These discussions often raise the question of the relationship between humanity and the environment. One view that has gained a great deal of philosophical traction is that the natural world is the Creation of God and therefore it must be treated with the respect that is due for anything created by our Lord. For instance, one could consider whether it is right to give so much value to a painting by Rembrandt and in the next breath destroy large swathes of rainforests, which we now know, play an enormous role in sustaining a liveable planet. Humanity has dominated the earth in so many ways but often has had little regard for the natural environment. We now know that to destroy ecology is to destroy ourselves. Therefore, the Creation as we define it, encompasses us and all living creatures.
One person speaking at COP20 was the founder of the Faith and Science Earth Alliance (FSEA), Stuart Scott. The FSEA, based in Jerusalem, is an organisation bridging the gap between faith and science, reaching across all faiths to find a common voice with which to engage and communicate the challenges posed by climate change.
Scott participated in numerous press briefings at the COP and his main subject was the risk of large-scale releases in the Arctic of the super potent greenhouse gas, methane. These threats are now known to be increasing, as the Arctic is warming at such a fast rate, the thawing seabed that traps billions of tonnes of highly pressurised frozen gas is starting to escape. Even a 1% release would dwarf the current concentration of atmospheric methane and cause a spike in global temperatures, significantly accelerating the heating of ice sheets, in turn leading to sea-level rise and a complete collapse of global agriculture. These threats are among many others but they set the scene of what climate change impacts look like if not tackled with the greatest urgency.
Ecology and Economics
Scott’s presentation shares many similarities with what Pope Francis has himself been alluding to; namely that the current economic model, based on continual growth, assumes that the Earth’s raw materials, upon which we base the drivers of economic output, are infinite. Even most teenagers these days know that natural resources such as coal, oil and gas, are not infinite and at the rate of current consumption, are dangerously unsustainable. This is counter to the economic imperatives that our global system is run on. It means that we must consume in order to sustain our economies.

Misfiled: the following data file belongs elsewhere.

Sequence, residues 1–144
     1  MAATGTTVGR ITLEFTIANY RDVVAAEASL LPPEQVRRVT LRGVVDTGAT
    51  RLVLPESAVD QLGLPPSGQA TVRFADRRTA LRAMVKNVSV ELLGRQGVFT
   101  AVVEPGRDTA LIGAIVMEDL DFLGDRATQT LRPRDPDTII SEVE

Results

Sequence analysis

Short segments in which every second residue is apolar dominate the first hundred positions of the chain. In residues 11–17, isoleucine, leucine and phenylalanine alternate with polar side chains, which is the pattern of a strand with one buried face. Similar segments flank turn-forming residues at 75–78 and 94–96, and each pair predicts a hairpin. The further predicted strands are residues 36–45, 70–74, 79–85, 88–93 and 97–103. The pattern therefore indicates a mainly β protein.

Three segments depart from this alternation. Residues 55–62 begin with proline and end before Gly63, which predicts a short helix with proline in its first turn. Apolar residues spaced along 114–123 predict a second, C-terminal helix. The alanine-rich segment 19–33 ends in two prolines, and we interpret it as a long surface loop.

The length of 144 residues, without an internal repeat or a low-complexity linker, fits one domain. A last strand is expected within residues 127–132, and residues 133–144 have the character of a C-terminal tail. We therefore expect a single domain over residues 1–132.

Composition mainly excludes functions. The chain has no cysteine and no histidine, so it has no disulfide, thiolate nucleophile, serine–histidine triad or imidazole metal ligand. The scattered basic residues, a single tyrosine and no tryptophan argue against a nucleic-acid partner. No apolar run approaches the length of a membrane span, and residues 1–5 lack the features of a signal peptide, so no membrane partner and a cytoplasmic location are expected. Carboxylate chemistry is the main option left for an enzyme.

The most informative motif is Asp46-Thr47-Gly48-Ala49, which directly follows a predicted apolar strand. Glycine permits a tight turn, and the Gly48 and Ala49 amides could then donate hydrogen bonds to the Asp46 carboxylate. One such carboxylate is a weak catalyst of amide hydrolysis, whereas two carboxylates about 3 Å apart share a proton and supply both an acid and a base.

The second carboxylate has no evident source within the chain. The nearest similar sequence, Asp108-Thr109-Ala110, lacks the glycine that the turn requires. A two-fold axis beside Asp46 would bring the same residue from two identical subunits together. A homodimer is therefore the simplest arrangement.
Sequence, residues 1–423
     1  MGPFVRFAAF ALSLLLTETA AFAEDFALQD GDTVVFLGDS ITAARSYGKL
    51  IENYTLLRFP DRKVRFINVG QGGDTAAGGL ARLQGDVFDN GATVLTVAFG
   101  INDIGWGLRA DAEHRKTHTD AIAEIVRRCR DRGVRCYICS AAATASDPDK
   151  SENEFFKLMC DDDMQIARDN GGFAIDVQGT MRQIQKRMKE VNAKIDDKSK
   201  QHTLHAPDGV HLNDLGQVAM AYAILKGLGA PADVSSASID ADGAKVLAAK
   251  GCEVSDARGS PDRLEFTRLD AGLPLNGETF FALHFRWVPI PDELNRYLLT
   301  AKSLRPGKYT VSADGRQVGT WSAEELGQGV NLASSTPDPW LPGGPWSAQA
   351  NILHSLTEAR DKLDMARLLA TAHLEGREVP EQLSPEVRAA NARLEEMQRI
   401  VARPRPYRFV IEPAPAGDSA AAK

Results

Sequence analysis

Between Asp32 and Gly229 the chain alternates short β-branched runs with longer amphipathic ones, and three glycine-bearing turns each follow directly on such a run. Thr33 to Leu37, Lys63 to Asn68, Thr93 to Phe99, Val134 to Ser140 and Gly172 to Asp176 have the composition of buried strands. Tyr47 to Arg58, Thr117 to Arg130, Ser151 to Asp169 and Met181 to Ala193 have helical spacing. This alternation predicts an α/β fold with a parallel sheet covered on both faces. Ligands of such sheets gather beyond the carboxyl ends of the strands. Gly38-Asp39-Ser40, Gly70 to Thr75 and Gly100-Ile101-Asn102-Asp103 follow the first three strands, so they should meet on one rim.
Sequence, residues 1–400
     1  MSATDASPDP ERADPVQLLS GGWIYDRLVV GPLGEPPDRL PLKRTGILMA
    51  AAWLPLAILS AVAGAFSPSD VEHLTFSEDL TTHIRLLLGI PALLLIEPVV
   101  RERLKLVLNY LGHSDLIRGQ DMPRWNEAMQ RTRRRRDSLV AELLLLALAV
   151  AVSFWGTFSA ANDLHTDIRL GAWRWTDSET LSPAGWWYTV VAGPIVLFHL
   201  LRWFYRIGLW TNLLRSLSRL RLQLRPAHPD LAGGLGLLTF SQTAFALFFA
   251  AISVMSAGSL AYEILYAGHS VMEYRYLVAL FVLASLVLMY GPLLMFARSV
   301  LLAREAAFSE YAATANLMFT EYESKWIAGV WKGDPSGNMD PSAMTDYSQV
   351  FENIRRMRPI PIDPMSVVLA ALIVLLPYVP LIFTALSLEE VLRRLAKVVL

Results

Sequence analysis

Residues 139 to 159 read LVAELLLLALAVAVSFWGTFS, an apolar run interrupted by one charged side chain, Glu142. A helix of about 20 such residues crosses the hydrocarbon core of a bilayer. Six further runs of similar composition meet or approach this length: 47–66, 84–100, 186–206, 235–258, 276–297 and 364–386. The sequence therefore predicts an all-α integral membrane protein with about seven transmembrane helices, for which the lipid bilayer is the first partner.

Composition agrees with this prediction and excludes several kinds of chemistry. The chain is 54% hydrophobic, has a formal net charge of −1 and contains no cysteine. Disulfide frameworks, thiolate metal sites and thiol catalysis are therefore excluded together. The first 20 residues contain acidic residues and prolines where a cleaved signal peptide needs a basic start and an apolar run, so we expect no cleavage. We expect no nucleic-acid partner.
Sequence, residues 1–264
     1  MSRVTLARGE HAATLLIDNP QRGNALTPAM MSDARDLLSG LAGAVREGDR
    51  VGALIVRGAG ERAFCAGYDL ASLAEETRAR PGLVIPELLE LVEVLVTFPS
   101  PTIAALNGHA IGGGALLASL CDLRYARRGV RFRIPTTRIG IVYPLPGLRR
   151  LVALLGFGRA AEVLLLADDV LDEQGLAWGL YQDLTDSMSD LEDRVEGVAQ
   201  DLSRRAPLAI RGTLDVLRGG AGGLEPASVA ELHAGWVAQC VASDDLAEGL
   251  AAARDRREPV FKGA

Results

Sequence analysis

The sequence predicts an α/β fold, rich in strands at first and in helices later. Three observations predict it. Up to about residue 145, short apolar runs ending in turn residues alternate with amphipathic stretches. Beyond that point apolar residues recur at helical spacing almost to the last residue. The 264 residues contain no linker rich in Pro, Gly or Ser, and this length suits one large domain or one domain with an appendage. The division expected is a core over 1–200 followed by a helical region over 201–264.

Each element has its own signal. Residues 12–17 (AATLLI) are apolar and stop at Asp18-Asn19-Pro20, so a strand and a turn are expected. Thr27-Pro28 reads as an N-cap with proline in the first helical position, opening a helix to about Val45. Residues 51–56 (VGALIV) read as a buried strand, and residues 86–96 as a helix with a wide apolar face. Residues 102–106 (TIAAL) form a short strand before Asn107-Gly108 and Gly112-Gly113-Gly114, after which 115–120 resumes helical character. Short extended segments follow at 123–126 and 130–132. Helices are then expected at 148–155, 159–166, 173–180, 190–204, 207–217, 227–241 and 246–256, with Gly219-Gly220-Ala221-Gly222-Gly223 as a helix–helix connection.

Yet, God’s creation was not designed to be infinitely exploited. As part of the life system on this planet, it is complex, beautiful, responsive and should be respected. The level of intelligence that humanity has been blessed with is being held back by this outdated economic framework.
Scott argues that it is time for change, time for us to add ‘Ecology’ to the economic models so that we get a truer reading of the availability of global resources and the degree to which they can be put to use. It is only in this way that we can endeavour to become truly sustainable and in harmony with God’s creation.
Whatever the Pope and his advisers have to say in the much awaited encyclical due out this summer, it will be significant and timely. The UN climate talks in Paris at the end of the year are likely the last chance we will have to stave off the most destructive climate change impacts. Pope Francis’s stand on climate change makes him a leader above all others; a man of his time with a message that is resonating right through Christianity and far beyond.
We should pray for Pope Francis and those people, such as stuart Scott, who are standing up and speaking the words that those in the halls of power are often reluctant to say. News of the Holy Father’s encyclical has already created angst among many who prefer to profit at the expense of the natural world. However, it will be all of our efforts that will create the momentum for changes much needed to guard the sanctity of God’s Creation, of which we are a part.
Nick Breeze is a writer and filmmaker in the area of climate change and writes for Envisionation and The Ecologist. He is also the Media Director of the FSEA.
Learn more here:
On Wednesday, December 3, 2014, The Faith and Science Earth Alliance held a Faith & Science Climate unity press conference at the UN Conference on Climate Change 2014 in Lima, Peru.
Christian, Jewish, and Muslim clergy and seminary students convened around a shared vision of ecological sustainability at the Faith and Ecology Conference in Jerusalem on Wednesday, October 22nd.
To continue reading the press release please, click here [icon name=adobe-pdf].
aims to convey faith communities’ perspectives and suggestions to influence the general summit’s climate negotiations. The attendants will reflect a balance of gender, religions, geography, strong moral leadership and knowledge, as well as engagement on issues related to climate change.